In this work Dr Burridge contends that scholarly study of the genre of the Gospels has gone full circle over the last century of critical scholarship. The question of how the Gospels should be categorised is still a vexed one and - surprisingly - there is still no consensus. This book analyses and evaluates the debate over the course of the last century. It shows that while the nineteenth-century assumption that the Gospels could be likened to biographies has been denied by the mainstream scholarship of this century, in recent years a biographical genre has begun to be assumed once more. Dr Burridge provides a good foundation for the re-introduction of this biographical view of the Gospels by comparing the work of the Evangelists to the development of biography in the Graeco-Roman world, and by drawing on insights from literary theory. The author shows that the view that the Gospels are unique, which is still widespread among biblical scholars, is false: a first-century reader would have seen the Gospels as biographies, or 'Lives' of Jesus, and they must therefore be interpreted in this light.
"synopsis" may belong to another edition of this title.
Dr Burridge contends that scholarly study of the genre of the Gospels has gone full circle over the last century of critical scholarship.From the Back Cover:
Richard Burridgebs acclaimed study of the Christian Gospels is significantly updated and expanded in this second edition. Here Burridge engages the field of Gospel studies over the last hundred years, arguing convincingly for viewing the Gospels as biographical documents of the sort common throughout the Graeco-Roman world. In pursuing the question of his bookbs title, Burridge compares the work of the Christian evangelists with that of Graeco-Roman biographers. Drawing on insights from literary theory, he demonstrates that the widespread view of the Gospels as unique is false and discusses what a properly bbiographicalb perspective means for Gospel interpretation. New to this second edition of "What Are the Gospels?" are a long final chapter detailing the recent paradigm shift in Gospel scholarship -- a shift due in large part to this very book -- a foreword by Graham Stanton, and an appendix on the absence of comparable early Jewish biographies.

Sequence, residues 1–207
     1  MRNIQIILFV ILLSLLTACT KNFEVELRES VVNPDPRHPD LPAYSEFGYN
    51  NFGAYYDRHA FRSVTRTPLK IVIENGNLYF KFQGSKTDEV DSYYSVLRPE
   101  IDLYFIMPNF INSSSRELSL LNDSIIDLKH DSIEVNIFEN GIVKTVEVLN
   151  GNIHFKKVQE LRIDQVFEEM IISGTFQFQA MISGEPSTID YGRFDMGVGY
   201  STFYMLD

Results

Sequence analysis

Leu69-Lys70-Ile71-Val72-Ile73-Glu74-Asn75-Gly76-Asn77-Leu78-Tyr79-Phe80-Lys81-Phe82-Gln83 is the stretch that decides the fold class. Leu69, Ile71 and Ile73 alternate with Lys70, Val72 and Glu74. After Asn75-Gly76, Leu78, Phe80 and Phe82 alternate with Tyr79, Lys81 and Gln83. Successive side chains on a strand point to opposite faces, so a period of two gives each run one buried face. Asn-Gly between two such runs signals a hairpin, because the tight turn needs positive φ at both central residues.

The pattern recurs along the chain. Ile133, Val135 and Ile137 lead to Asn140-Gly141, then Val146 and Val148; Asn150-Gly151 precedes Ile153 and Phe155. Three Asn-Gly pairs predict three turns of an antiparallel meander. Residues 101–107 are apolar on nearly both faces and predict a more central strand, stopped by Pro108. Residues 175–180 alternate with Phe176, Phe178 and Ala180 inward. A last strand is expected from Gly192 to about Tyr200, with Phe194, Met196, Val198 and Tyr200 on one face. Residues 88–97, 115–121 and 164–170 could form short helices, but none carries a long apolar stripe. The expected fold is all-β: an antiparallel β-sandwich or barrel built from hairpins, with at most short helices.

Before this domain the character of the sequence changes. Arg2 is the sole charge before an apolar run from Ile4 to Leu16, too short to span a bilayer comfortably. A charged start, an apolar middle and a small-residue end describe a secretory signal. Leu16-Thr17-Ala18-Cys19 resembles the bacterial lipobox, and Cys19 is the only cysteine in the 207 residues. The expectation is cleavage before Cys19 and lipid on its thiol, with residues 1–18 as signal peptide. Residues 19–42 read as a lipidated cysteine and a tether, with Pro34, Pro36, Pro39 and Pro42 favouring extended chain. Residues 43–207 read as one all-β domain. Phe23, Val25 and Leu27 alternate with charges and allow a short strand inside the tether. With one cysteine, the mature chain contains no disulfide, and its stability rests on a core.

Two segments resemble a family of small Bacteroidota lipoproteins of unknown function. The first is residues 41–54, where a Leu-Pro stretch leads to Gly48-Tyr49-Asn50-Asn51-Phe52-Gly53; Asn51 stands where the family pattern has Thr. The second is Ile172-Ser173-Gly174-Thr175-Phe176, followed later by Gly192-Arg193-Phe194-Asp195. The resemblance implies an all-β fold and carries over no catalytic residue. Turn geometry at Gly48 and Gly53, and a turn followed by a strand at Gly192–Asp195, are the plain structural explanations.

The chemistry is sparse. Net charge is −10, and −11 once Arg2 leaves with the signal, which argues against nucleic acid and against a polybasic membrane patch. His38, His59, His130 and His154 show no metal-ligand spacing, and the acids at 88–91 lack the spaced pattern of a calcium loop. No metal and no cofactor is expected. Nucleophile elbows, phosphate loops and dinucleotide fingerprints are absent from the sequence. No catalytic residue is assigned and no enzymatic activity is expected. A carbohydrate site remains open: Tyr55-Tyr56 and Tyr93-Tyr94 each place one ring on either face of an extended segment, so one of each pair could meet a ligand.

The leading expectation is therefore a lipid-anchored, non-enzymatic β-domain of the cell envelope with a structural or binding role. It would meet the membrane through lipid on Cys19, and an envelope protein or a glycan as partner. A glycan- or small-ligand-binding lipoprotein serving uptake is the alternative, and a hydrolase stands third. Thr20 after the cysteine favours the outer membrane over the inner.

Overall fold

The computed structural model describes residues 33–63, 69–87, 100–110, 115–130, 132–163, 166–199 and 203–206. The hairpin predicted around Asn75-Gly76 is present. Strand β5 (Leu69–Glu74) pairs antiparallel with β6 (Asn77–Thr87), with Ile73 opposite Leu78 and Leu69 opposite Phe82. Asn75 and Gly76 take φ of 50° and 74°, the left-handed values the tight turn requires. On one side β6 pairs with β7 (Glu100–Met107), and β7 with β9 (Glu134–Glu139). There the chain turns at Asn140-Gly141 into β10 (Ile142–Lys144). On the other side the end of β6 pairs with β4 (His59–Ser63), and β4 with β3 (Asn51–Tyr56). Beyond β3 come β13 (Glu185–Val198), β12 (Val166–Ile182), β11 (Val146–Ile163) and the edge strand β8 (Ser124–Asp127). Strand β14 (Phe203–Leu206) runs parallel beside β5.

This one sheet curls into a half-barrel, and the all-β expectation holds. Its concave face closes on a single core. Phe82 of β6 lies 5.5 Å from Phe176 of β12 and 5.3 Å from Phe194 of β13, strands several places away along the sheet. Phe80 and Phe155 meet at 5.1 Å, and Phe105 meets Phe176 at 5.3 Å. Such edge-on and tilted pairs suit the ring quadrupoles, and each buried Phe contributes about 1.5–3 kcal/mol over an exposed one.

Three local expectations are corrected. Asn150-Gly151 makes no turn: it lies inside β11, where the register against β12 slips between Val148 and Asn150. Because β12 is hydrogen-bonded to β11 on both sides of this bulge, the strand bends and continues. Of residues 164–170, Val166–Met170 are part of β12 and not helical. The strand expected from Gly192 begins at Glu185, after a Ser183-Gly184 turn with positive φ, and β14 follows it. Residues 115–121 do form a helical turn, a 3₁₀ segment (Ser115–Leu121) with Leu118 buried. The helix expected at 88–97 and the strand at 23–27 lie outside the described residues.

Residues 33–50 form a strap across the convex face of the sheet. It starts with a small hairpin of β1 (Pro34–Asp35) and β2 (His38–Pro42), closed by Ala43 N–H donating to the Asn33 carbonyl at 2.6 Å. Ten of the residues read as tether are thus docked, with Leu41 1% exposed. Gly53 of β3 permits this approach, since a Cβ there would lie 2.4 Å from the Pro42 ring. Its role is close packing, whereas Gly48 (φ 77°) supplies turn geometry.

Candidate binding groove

Praise for the first edition:
bOne of the hotly debated topics of recent years has been what type of literature the Gospels are. Richard Burridge reviews the data and discussion and proposes a solution. . . . This treatment of the questions will serve as a standard for future work.b
-- "Religious Studies Review"
bBurridgebs book is the most comprehensive and lucid discussion of the genre of the Gospels yet undertaken. . . . This is a book that students of the Gospels cannot afford to avoid. . . . It is a truly astonishing tour de force -- interdisciplinary biblical scholarship at its very best.b
-- "Biblical Interpretation"
bBurridge reexamines the old question of the genre of a Gospel. He situates it within the fluidgenre of Graeco-Roman biography through a study exacting in terms of new methods, a wealth of data, and rigor. . . . This is an immensely learned volume. . . . It not only represents a superb survey of the topic but also breaks new ground.b
-- "Catholic Biblical Quarterly"
bThis volume ought to end any legitimate denials of the canonical Gospelsb biographical character. It has made its case.b
-- "Journal of Biblical Literature"
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Book Description Cambridge University Press, 1995. Paperback. Book Condition: New. Never used!. Bookseller Inventory # P110521483638
Book Description Cambridge University Press, 1995. Paperback. Book Condition: New. book. Bookseller Inventory # M0521483638